Evolution is Evolving

Mrs. Homegrown hard at work reconfiguring the Blog-O-Nator

 Mrs. Homegrown here:

We’re going to be doing some redecorating and redesign on this site over the next few weeks. The main reason we’re doing this is to make the blog more useful and accessible. This means, to start, that we’re going to clean up the tags and rearrange all the links and stuff on the right side of the page.

Then, a little bit down the road, we’re going to change our look. (!!!) I know it’s always a little traumatic when a blog you read regularly redesigns itself, but let’s face it, the place needs a fresh coat of paint. But again, that won’t be a for a bit.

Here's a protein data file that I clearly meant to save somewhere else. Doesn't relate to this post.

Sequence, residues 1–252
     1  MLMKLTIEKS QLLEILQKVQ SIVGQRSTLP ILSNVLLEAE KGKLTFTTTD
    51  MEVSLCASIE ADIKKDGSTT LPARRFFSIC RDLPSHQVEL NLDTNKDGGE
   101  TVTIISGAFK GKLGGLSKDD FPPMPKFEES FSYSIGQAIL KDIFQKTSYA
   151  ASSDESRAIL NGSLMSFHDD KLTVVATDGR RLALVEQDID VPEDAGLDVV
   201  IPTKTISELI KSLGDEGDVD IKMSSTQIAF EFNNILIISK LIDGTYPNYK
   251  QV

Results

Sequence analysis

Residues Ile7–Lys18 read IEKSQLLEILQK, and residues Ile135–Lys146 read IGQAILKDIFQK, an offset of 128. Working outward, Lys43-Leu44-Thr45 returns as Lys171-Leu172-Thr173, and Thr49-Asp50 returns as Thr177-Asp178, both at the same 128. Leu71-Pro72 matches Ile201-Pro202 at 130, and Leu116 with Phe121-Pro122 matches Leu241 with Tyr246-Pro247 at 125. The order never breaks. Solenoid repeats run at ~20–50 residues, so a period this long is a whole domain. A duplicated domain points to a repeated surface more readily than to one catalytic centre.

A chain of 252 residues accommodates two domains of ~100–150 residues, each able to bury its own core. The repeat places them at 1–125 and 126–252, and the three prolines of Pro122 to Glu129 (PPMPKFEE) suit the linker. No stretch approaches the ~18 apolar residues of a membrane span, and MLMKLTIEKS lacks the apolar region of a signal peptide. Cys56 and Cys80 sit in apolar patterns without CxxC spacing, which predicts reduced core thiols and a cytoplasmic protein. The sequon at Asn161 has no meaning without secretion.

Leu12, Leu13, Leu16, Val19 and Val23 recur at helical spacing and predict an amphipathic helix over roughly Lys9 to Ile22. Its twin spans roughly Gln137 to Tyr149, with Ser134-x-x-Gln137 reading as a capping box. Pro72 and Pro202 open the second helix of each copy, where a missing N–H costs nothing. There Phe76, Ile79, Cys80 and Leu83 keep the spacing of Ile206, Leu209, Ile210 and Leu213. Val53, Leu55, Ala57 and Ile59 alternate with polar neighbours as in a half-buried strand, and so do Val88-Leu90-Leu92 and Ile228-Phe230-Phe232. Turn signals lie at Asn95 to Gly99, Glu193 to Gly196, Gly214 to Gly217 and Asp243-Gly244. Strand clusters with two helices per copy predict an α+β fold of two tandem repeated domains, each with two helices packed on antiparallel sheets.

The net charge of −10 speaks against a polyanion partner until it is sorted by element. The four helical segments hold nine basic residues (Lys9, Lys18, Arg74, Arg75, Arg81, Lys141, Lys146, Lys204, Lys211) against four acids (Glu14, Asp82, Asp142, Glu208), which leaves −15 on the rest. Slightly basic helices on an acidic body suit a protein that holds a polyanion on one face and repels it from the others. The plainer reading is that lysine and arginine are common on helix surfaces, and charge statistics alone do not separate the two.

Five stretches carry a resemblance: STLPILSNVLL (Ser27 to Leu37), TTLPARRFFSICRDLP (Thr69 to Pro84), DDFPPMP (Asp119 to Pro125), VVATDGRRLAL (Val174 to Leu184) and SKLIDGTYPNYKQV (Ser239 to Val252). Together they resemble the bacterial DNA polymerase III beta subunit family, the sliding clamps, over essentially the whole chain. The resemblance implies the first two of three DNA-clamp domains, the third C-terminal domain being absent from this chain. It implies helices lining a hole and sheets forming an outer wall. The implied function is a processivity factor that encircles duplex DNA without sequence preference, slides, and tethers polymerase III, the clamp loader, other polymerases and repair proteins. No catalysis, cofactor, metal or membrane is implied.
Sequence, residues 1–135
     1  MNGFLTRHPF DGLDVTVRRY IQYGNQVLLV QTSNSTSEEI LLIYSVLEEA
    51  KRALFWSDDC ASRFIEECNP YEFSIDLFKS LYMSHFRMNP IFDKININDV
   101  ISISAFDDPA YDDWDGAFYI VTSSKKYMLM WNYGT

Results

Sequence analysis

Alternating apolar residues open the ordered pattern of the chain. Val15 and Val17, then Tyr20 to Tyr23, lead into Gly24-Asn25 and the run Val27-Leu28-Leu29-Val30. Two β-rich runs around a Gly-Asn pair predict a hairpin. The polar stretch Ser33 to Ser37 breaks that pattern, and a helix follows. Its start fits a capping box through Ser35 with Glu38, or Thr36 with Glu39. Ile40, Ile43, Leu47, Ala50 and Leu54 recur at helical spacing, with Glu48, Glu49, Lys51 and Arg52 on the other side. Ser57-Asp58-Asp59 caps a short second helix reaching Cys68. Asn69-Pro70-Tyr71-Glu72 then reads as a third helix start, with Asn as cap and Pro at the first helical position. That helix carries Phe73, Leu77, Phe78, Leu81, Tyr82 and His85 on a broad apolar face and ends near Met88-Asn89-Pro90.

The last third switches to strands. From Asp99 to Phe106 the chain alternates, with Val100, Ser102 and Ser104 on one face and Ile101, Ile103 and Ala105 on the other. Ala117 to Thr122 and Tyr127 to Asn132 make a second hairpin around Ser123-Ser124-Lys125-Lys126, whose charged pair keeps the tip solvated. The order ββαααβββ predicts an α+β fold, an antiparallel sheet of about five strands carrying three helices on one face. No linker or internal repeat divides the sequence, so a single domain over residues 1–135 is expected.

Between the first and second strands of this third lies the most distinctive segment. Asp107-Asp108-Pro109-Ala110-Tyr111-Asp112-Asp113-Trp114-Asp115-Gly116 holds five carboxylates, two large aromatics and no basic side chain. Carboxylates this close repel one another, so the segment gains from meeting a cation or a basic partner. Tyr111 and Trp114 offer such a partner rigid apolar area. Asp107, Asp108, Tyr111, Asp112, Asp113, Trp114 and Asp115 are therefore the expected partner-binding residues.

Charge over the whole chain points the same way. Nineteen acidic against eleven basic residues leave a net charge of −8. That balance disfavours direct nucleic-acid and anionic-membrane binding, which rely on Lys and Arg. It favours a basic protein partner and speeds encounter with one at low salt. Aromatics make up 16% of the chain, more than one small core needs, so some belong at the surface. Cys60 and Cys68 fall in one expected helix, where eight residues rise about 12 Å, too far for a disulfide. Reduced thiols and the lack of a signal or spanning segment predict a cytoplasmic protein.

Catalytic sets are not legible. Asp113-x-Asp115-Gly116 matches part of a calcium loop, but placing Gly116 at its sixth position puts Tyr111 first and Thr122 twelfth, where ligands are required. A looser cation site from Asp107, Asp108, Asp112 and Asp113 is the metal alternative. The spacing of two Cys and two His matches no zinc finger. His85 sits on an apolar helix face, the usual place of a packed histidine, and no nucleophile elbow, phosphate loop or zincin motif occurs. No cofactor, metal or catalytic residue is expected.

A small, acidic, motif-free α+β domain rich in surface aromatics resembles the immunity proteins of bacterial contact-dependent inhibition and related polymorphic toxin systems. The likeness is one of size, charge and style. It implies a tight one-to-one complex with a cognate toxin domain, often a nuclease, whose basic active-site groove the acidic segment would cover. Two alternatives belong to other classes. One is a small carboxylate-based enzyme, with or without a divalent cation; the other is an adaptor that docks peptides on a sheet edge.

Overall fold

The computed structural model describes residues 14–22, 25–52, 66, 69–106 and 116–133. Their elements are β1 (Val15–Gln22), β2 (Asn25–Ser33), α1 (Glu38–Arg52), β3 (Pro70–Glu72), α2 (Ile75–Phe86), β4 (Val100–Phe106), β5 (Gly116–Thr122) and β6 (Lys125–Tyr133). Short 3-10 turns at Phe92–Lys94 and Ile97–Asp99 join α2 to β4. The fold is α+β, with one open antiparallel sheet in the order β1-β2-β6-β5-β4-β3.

In the meanwhile, forgive any weirdness that might occur as we figure out what we’re doing.

Thank you, everyone

Photo: Pénélope Fortier, from an article about us at Cyberpresse.ca
Mrs. Homegrown here:
We just wanted to say thank you to all of you who have expressed condolences this week via the blog, Facebook, or email–as well of those of you who just sent positive thoughts. We could feel the good energy. It’s been a hard week, but your good wishes really helped. 

We’re resuming regular posting. There’s squash baby updates to be made!

Seltzer Works Doc Screens on PBS

Photo by Film First Co/ Ben Wolf

Seltzer Works, a seven minute mini-documentary about one of the last seltzer fillers, Kenny Gomberg of Brooklyn, will screen Tuesday August 24th at 10 p.m. (check local listings) on PBS’s Point of View series. Filmmaker Jessica Edwards, directed this engaging short.

Photo by Film First Co/ Ben Wolf